The other day I was looking through the surplus section of a local hardware store and couldn’t believe my eyes when I saw these Footnote amplifier board assemblies.

I figured at the very least I could part them out for the control knobs and input jackets. Then I realized they are fully intact working units that only need a 9 volt power supply and a speaker.

I realize that they are to big for a cigar box amp, but got to thinking that they would make a perfect drop in assembly for a home-made stomp box.

So stay tuned to see what these surplus Footnote board assemblies end up becoming, it’s going to be exciting.

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Acid Amp 2

Well I finally got a chance to finish wiring the Acid Amp build. It turned out great and sounds amazing.

With these amps, I like the fact that they can be sitting on your coffee table or bar top and nobody suspects that they are nothing more than a box of cigars. Then you flip it open and plug in your favourite cigar box guitar and start jamming, it blows them away every time.

Hopefully this build has inspired you to take those cigar boxes that are not suited for guitar bodies and re-purpose them into a really cool Amp.

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Flor Fina Amp 4

Here she is in all her glory.

I have been test driving it with several of my cigar box guitars and the sound is so amazing that I think I just might have to keep this one for myself.

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Flor Fina Amp 3

Next I made the insert that will hold the speaker and the controls.

This was from some Birch panelling I had lying around.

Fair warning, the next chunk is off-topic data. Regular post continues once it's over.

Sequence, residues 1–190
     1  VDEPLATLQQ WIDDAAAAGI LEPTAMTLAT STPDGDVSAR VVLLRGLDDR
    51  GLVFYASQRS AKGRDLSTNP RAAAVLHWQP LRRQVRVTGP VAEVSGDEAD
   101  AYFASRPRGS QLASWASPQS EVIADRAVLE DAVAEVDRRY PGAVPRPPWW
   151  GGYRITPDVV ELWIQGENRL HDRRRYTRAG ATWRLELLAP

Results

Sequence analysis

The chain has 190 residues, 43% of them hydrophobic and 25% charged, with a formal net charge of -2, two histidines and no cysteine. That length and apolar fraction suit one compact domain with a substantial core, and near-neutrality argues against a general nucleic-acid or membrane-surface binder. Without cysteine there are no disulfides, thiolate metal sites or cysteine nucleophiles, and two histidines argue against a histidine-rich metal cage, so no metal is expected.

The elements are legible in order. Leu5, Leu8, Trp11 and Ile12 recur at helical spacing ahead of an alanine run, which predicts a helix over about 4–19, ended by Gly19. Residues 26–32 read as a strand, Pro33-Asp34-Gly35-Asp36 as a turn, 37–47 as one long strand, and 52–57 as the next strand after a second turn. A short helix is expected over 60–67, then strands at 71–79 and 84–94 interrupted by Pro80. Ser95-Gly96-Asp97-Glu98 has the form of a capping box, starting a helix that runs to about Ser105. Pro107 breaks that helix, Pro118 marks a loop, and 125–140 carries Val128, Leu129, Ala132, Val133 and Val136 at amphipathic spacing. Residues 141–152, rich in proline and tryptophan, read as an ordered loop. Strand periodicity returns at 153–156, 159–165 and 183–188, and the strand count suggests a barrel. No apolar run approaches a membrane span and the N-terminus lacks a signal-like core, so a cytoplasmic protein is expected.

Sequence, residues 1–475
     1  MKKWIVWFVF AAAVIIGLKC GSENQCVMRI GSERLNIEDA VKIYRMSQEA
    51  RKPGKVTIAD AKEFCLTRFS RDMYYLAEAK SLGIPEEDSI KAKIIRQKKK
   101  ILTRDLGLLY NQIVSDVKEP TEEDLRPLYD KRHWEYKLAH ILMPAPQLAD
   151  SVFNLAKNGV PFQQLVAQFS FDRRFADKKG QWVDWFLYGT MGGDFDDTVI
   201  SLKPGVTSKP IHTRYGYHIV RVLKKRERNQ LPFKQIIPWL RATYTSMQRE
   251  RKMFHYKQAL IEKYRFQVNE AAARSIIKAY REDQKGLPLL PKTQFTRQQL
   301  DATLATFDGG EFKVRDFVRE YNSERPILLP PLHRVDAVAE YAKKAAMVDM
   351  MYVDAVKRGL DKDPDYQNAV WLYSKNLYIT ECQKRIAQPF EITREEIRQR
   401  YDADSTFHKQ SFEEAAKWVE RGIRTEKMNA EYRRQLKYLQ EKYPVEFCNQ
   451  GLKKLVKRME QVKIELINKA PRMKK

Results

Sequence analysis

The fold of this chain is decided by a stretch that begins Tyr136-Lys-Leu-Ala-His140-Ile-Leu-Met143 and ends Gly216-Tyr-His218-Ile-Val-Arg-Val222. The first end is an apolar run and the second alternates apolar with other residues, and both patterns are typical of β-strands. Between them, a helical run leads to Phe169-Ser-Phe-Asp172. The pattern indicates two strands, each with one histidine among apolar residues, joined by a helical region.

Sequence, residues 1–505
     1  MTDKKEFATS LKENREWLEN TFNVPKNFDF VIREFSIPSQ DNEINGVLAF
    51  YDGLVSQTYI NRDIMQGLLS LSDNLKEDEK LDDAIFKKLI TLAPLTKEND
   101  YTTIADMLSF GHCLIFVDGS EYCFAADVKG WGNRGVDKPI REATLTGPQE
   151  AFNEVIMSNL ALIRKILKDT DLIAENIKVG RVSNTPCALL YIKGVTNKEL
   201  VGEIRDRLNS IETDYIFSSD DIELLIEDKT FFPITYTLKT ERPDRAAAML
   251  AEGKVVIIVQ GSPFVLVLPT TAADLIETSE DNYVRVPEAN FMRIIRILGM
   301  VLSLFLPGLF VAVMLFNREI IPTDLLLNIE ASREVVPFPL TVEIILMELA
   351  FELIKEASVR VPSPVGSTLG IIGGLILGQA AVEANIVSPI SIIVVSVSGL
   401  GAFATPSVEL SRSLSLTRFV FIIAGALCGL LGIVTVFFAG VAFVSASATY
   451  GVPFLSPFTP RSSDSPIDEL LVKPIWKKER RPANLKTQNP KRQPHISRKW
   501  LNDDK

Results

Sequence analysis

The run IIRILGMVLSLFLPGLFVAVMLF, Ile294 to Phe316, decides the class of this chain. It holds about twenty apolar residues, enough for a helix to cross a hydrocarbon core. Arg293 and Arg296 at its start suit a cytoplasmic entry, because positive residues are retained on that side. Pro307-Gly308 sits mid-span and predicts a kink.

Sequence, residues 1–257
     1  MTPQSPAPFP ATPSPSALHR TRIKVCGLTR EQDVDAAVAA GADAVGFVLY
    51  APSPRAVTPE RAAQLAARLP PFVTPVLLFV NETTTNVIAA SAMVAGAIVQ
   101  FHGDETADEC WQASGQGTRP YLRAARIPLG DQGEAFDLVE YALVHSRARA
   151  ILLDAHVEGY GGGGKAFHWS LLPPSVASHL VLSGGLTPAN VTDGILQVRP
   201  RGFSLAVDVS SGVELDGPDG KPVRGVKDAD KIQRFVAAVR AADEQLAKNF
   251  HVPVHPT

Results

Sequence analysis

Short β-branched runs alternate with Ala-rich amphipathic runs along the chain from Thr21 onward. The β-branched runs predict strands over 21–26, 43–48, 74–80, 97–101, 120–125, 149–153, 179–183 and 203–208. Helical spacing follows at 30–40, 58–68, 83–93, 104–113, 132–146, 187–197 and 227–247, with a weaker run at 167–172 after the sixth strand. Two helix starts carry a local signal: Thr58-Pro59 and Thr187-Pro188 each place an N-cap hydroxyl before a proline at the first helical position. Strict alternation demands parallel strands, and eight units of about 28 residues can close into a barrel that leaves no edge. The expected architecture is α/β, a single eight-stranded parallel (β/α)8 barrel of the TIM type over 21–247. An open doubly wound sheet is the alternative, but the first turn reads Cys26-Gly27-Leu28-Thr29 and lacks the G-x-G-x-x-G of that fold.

Here is a shot before I solder everything together.

Here is a shot of the speaker installed and its ready for its new home.

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Flor Fina Amp 2

I felt this cigar box was just to beautiful to cut speaker holes in and wanted to keep its original parlour look, so I knew I needed to mount everything inside.

So my first order of business was to figure out how I was going to support the speaker and control board assembly inside the box.

I decided to use corner mouldings from another project.

Just remember to cut them short enough to allow room for the lid to close over the volume and tone control knobs.



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Flor Fina Amp

I came across a really nice cigar box that was just to small to turn into a guitar, so it made perfect sense to create a Flor Fina Amp build.

Not only is the outside nice looking the inside is very unique as well.

This should make for an awesome little amp……..stay tuned.

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Acid Amp

“Acid Amp” already sounds like a super cool build.

Here is a pic of the antique brass corners I custom fit to the lid of the amp.

Next I needed to add inside corner supports that will hold the instrument panel in place.

Stay tuned…….this is going to be a very cool amp build.


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Log and Siding Stain